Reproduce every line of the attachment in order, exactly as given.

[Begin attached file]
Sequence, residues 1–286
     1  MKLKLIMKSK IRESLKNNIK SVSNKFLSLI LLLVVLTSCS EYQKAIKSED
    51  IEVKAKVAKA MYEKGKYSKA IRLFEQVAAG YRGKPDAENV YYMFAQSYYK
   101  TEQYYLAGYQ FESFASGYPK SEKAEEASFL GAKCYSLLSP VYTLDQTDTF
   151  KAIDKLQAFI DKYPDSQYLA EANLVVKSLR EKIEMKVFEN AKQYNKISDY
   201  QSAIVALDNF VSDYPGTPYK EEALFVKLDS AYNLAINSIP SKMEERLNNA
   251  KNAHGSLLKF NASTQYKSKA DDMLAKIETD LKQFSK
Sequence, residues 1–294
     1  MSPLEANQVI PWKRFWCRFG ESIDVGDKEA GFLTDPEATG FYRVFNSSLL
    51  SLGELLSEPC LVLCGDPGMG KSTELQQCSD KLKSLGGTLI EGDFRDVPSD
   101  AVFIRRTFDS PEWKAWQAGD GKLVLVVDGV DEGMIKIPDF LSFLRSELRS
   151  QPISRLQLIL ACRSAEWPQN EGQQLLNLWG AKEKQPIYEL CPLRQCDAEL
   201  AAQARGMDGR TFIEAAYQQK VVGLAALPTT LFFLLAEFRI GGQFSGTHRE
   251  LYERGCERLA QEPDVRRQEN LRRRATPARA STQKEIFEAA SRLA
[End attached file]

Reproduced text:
Sequence, residues 1–286
     1  MKLKLIMKSK IRESLKNNIK SVSNKFLSLI LLLVVLTSCS EYQKAIKSED
    51  IEVKAKVAKA MYEKGKYSKA IRLFEQVAAG YRGKPDAENV YYMFAQSYYK
   101  TEQYYLAGYQ FESFASGYPK SEKAEEASFL GAKCYSLLSP VYTLDQTDTF
   151  KAIDKLQAFI DKYPDSQYLA EANLVVKSLR EKIEMKVFEN AKQYNKISDY
   201  QSAIVALDNF VSDYPGTPYK EEALFVKLDS AYNLAINSIP SKMEERLNNA
   251  KNAHGSLLKF NASTQYKSKA DDMLAKIETD LKQFSK
Sequence, residues 1–294
     1  MSPLEANQVI PWKRFWCRFG ESIDVGDKEA GFLTDPEATG FYRVFNSSLL
    51  SLGELLSEPC LVLCGDPGMG KSTELQQCSD KLKSLGGTLI EGDFRDVPSD
   101  AVFIRRTFDS PEWKAWQAGD GKLVLVVDGV DEGMIKIPDF LSFLRSELRS
   151  QPISRLQLIL ACRSAEWPQN EGQQLLNLWG AKEKQPIYEL CPLRQCDAEL
   201  AAQARGMDGR TFIEAAYQQK VVGLAALPTT LFFLLAEFRI GGQFSGTHRE
   251  LYERGCERLA QEPDVRRQEN LRRRATPARA STQKEIFEAA SRLA